Harvesting sweet potato

The harvest time for sweet potatoes takes between 90-170 days depending on the variety. Once the leaves turn yellow is another indication that your sweet potatoes are ready to harvest. But if you are patient and wait a little longer by withholding harvesting the bigger they will become with more vitamins.

What are sweet potatoes good for?

Sweet potatoes are a rich source of Vitamin A, Vitamin B6, Vitamin b5, Vitamin C, Vitamin D, Vitamin E, Vitamin K potassium, phosphorus, manganese, zinc, iron calcium, protein, carotene, and fiber. Sweet potato promotes good vision, promotes brain health, aid in weight control, supports the immune system, may help to fight cancer, improves the digestive system and reduce inflammation

The final word on vegetables that will boost seniors health

Seniors growing these veggies in their home gardens will promote good health, what better way to reward yourself than by growing and harvesting edible foods. Vegetables are filled with vitamins and have so many health benefits, constructing a garden of this sort is worth the investment as you reap the rewards by growing and eating healthy.


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About the author

+ posts

Norman loves being in the garden, both at home and for his job....
he is 'Natures Little helper' being outdoors, growing his vegetables and flowers from an early age.
Now having spent over 22 years in the profession he want to give some of his knowledge to others...
his vast array of hints and tips you will find scattered over this site will help you no end growing plants in your garden.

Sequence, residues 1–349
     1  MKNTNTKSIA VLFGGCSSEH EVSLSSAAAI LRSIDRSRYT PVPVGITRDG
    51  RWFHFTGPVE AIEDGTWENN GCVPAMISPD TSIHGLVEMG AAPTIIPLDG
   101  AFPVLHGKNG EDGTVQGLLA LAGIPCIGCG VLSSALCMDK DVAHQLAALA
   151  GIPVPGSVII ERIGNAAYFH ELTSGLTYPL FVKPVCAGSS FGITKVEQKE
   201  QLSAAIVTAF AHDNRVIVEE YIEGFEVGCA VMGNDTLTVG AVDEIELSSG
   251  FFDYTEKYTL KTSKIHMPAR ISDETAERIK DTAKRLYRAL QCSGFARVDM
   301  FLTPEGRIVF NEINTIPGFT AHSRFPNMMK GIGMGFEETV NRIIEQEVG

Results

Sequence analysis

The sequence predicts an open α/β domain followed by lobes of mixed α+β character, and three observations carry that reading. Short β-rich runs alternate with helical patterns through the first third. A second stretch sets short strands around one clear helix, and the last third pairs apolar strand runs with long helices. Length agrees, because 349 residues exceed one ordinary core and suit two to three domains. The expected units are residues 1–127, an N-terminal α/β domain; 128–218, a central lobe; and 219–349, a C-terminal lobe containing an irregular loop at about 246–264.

12 thoughts on “Best Vegetables For Seniors”

  1. Hello there, thanks a lot for sharing this wonderful piece of information here with us. I must say I really did enjoyed going through your  review as it contains valuable informations one needs to be aware of. Like the saying goes, you are what you eat, eating healthy can be very helpful in building strong immune systems especially for elderly people

  2. Hello, this is a very awesome piece and a very detailed one. I’m really happy I came across this as the information I’m getting from here is standard. I had no idea it was very easy to grow carrots and now that I know of it and it’s health benefits, I’ll definitely start growing it. I know how to grow tomatoes and sweet potatoes and it’s nice to see that these vegetables boosts our health. 

  3. Hey, this is a very informative site into the wonderful world of vegetables! Thank you for sharing your many wonderful tips to growing and cultivating. More and more people I think these days are turning vegetarian and there is always something yummy out there to try!
    Did you mean you miss out anything under beans? I noticed a big gap? 

  4. Very useful article, and it’s great to know which are the best veggies to grow, especially as you get older. I love that you have listed the pests for each vegetable and also how to get rid of them without using harmful pesticides that could damage our health long term.

    I have heard that if you plant certain veggies together some garden pests are also eliminated. I would love to find out more about this topic. Do you have any articles on your website about this?

  5. Thank you so much for your web page it was really needed. We have planted some tomatoes at our home and we argued about when to water the tomatoes and when to harvest This will settle a lot of argument. I really enjoyed the images. the got me salivating from the first sight.

    Thank you for a very informative page on vegetables.


  6. We are in the fortunate position that we have a large vegetable garden and we do grow many of our own veggies. It is so rewarding to harvest what we want to eat on a daily basis, although in the winter we normally only have cauliflower and broccoli. 

    We do have very rich soil and tomatoes and beans are usually our most prolific crops. But I seem to have a problem with peppers and they always seem to get a sort of blight where the bottom of the pepper turns black and sort of stops growing and then drops off the plant. Do you have any suggestions what I could do?